Norwegian Wood: My Second Look

Haruki Murakami is a recent discovery. I have read only two of his novels because to be honest, his books are rare to absent in second hand bookstores and the new ones are quite pricey in this country. Reading is one thing I enjoy doing but I have a ceiling price for books. Anyway, that is another story.

Norwegian Wood is the first Murakami novel I read and enjoyed. It was one of those books that leave one pondering even days after turning the last page for different reasons. Some find the characters relate-able, others abhor them. Personally, a lot of emotions were stirred in me because like Watanabe, I have a friend who took his own life.



The film adaptation was directed Tran Anh Hung and stars three of my favorite actors – Kenichi Matsuyama, Rinko Kikuchi and Kiko Mizuhara. It was a slow moving but beautifully shot film that run for 128 minutes.

Watanabe (Kenichi Matsuyama) and Naoko (Rinko Kikuchi) shared the pain of losing Kazuki (Kengo Kora). He was his best friend and she his girlfriend. On her twentieth birthday, they slept with each other and not long after, Naoko had to move to an asylum due to her depression. In between visits to Naoko, Watanabe hangs out and gets attracted to Midori (Kiko Mizuhara) – a typical college girl who has issues of her own.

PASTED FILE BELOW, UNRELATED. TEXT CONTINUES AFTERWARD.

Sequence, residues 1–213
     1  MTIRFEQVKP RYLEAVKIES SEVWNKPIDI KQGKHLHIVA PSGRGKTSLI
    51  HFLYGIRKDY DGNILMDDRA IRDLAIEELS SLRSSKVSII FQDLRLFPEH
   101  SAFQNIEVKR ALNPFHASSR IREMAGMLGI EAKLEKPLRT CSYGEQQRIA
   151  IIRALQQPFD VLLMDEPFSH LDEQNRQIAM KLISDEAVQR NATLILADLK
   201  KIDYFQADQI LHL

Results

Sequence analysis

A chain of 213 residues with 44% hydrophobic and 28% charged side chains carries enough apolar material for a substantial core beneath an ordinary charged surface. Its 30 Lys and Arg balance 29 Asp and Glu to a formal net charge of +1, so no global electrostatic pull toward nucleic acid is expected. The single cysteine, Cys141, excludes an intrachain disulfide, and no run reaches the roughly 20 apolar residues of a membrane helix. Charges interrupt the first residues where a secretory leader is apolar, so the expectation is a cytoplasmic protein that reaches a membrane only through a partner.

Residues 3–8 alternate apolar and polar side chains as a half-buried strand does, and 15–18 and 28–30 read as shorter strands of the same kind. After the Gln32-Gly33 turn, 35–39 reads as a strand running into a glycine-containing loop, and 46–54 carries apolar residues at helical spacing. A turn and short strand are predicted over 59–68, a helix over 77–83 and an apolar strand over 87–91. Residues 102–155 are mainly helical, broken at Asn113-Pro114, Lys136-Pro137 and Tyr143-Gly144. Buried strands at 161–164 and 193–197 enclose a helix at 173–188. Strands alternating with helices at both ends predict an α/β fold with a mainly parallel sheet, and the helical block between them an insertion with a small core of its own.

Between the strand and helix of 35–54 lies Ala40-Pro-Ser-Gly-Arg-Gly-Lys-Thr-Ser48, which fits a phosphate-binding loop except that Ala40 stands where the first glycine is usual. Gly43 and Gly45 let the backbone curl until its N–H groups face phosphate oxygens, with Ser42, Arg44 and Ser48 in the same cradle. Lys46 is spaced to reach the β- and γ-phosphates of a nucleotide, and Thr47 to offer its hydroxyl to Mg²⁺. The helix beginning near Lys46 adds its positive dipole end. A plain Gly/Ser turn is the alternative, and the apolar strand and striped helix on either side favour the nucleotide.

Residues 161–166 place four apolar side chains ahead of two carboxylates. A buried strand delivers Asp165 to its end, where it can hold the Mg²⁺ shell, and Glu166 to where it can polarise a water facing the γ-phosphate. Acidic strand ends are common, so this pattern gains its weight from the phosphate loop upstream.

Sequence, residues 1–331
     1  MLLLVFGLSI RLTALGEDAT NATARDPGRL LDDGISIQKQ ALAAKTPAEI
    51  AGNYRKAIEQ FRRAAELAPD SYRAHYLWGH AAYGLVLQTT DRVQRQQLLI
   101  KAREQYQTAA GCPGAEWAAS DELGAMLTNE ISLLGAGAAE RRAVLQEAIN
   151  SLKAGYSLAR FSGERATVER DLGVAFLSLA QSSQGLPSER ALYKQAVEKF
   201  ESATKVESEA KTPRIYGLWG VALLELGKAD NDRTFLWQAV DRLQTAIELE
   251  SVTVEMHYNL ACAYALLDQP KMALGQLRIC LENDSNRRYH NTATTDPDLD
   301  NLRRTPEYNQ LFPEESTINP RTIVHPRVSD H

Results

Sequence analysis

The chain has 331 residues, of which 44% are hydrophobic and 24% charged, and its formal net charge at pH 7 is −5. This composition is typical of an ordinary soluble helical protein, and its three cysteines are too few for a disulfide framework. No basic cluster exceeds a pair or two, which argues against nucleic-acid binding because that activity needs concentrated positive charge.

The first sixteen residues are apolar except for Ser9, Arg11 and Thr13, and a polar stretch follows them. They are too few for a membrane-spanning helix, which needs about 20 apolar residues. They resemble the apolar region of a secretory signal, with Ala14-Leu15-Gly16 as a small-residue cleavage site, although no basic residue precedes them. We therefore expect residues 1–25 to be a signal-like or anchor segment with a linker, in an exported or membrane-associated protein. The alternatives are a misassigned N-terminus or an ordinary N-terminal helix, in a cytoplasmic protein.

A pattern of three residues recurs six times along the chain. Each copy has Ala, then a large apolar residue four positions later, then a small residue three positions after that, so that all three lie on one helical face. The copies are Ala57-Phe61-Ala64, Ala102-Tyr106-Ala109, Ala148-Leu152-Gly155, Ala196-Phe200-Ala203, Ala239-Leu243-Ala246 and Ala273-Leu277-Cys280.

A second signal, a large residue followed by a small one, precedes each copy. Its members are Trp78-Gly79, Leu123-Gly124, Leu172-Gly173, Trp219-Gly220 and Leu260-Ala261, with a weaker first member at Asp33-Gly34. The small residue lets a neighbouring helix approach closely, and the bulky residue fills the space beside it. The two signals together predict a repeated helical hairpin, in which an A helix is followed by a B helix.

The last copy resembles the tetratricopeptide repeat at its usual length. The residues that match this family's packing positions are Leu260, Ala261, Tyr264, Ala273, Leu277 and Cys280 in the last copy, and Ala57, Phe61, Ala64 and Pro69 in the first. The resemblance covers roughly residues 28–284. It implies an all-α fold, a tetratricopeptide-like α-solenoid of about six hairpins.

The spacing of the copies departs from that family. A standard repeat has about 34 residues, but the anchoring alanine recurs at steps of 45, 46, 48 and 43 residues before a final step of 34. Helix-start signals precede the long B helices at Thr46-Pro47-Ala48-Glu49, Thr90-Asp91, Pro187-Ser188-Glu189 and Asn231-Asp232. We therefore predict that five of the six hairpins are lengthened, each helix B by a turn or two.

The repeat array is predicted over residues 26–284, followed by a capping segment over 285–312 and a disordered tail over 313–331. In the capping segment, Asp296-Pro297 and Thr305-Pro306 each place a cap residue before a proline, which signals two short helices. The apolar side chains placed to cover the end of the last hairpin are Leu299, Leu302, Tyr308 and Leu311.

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Overall, the visuals were really beautiful. There were some shots which were a tad too dark and some scenes which were too quiet but they highlighted the inner turmoil the characters experienced. Set in the 60’s the fashion, the feel were delightfully captured. The countryside settings were just a feast for the eyes. The actors, as expected, delivered. I would love to have Kenichi Matsuyama look at me that way.  (Sorry that’s the fan girl speaking).

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I don’t know if they were done for the sake of symbolism but I just don’t feel right about those scenes they did too much walking. I know Watanabe and Naoko walked a lot but Matsuyama and Kikuchi are almost running that I can almost hear them catching their breaths and sometimes I think I can almost spot a bead or two of sweat on their foreheads.


Another concern was Reiko’s character. I liked her in the book but I guess the screenwriter thought differently. I was okay with them not showing her back story, it can do without it. However, if I remember it right, she was close to Watanabe. They exchanged a few good stories and had light conversations with Naoko around. In the film, the friendship was not established so it appeared that she just asked for sex out of the blue, like some sex starved weirdo. In my opinion, that part was essential because sometimes when people share grief, they tend to hold on to the nearest person and sex is a way of expressing that. Like what happened with Naoko and Watanabe, if I interpret it correctly, Reiko and Watanabe had similar circumstances. It just feels like an injustice is done to a likeable character.


Some of those who read the book were not really satisfied with the film. However, I believe that reading the book and watching the movie are different experiences. Tran Anh Hung showcased a visually arresting story on the screen while Haruki Murakami gave us a coming of age/love story with magical words. I could say that I enjoyed both to a different degree. Norwegian Wood will be one of those favorites that I will forget but easily remember with the right flash bulbs.

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